Geographical distribution of radon and associated health risks in drinking water samples collected from the Mulazai area of Peshawar, Pakistan

Syed Samran Ali Shah, Abdul Rahim Asif, Manzoor Ilahi, Haseeb Haroon, Ihtisham Islam, Adnan Qadir, Irfan Nisar, Malik Muhammad Usman Sani, Rashid Iqbal, Muhammed Habib ur Rahman, Muhammad Arslan, Mona S. Alwahibi, Mohamed S. Elshikh, Allah Ditta

Research output: Contribution to journalArticlepeer-review

Abstract

Geospatial methods, such as GIS and remote sensing, map radon levels, pinpoint high-risk areas and connect geological traits to radon presence. These findings direct health planning, focusing tests, mitigation, and policies where radon levels are high. Overall, geospatial analyses offer vital insights, shaping interventions and policies to reduce health risks from radon exposure. There is a formidable threat to human well-being posed by the naturally occurring carcinogenic radon (222Rn) gas due to high solubility in water. Under the current scenario, it is crucial to assess the extent of 222Rn pollution in our drinking water sources across various regions and thoroughly investigate the potential health hazards it poses. In this regard, the present study was conducted to investigate the concentration of 222Rn in groundwater samples collected from handpumps and wells and to estimate health risks associated with the consumption of 222Rn-contaminated water. For this purpose, groundwater samples (n = 30) were collected from handpumps, and wells located in the Mulazai area, District Peshawar. The RAD7 radon detector was used as per international standards to assess the concentration of 222Rn in the collected water samples. The results unveiled that the levels of 222Rn in the collected samples exceeded the acceptable thresholds set by the US Environmental Protection Agency (US-EPA) of 11.1 Bq L−1. Nevertheless, it was determined that the average annual dose was below the recommended limit of 0.1 mSv per year, as advised by both the European Union Council and the World Health Organization. In order to avoid the harmful effects of such excessive 222Rn concentrations on human health, proper ventilation and storage of water in storage reservoirs for a long time before use is recommended to lower the 222Rn concentration.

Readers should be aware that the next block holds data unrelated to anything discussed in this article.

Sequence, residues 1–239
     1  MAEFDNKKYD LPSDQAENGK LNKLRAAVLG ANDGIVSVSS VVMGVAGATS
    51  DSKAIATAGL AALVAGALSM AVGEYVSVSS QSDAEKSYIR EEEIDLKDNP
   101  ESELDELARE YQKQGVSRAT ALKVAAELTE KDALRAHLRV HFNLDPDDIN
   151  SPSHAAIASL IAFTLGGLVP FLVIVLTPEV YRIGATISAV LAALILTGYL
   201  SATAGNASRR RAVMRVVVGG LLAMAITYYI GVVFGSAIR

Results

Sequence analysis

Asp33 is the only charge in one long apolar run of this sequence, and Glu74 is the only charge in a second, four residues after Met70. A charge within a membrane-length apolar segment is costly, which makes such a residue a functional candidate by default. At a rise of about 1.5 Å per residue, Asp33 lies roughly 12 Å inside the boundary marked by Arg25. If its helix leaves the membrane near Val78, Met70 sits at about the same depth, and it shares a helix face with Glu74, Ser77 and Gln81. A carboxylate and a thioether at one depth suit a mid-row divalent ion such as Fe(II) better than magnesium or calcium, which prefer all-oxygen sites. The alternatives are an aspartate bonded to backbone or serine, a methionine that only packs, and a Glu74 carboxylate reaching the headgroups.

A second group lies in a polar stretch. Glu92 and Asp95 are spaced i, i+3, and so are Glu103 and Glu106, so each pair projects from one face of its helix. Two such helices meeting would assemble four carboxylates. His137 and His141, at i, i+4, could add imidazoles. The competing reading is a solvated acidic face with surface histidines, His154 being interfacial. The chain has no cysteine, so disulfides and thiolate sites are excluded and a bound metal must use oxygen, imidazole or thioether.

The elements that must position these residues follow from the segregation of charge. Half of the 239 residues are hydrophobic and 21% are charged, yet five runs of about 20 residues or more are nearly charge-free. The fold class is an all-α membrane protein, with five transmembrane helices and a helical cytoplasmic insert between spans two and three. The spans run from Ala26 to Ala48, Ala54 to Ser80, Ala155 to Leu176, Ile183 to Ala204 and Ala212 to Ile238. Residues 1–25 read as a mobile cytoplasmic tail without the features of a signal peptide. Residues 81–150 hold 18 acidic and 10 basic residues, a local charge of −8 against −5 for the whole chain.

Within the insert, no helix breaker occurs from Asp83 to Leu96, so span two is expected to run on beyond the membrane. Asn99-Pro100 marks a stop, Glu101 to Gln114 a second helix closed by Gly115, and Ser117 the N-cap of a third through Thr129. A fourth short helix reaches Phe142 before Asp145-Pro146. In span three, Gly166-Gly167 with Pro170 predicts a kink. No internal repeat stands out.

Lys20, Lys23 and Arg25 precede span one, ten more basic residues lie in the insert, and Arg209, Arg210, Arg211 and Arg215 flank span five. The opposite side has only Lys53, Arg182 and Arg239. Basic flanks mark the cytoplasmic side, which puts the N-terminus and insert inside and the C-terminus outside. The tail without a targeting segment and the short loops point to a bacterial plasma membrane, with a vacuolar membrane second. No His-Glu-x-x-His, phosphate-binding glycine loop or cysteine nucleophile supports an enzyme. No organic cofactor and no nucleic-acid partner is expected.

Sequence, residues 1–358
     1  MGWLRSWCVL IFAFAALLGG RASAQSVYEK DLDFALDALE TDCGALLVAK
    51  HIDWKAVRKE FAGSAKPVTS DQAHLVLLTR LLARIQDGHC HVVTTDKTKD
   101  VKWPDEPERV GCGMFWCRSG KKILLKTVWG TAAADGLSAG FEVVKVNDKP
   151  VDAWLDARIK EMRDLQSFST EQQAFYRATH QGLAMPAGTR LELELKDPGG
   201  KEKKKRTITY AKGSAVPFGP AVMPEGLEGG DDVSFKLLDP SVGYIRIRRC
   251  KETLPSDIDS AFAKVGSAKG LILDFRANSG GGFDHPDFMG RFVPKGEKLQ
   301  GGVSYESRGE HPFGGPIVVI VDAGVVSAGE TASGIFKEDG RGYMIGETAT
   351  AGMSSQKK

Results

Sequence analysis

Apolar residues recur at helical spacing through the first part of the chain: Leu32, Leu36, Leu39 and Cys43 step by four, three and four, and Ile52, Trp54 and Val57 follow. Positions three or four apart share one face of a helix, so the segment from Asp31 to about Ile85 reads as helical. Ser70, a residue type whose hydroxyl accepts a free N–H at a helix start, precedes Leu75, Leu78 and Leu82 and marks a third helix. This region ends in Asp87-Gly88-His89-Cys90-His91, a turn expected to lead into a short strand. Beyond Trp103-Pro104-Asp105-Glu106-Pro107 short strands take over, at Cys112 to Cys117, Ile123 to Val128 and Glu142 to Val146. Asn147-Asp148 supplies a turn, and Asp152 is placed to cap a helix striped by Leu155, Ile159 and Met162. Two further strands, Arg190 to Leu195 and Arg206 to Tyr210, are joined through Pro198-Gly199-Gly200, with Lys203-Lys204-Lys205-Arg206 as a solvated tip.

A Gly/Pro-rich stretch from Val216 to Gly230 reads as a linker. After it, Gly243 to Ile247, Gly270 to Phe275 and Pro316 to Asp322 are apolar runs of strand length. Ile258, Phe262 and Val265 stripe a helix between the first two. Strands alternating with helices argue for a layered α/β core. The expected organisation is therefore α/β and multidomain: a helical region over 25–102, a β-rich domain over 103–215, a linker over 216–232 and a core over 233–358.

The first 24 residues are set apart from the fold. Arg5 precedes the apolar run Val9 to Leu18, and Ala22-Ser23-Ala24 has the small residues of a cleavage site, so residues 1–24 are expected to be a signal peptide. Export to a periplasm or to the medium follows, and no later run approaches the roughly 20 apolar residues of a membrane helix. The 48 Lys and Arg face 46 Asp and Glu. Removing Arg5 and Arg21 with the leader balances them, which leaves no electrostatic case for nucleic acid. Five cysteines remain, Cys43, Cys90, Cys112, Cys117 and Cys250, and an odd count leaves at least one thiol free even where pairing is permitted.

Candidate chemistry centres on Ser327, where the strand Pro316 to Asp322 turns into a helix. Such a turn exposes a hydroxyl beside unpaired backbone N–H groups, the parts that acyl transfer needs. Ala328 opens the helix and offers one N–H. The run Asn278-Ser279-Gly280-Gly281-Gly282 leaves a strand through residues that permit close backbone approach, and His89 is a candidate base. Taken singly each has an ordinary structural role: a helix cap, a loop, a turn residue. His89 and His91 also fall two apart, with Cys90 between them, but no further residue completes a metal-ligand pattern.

Original languageEnglish
Article number6042
JournalScientific Reports
Volume14
Issue number1
DOIs
Publication statusPublished - 13 Mar 2024

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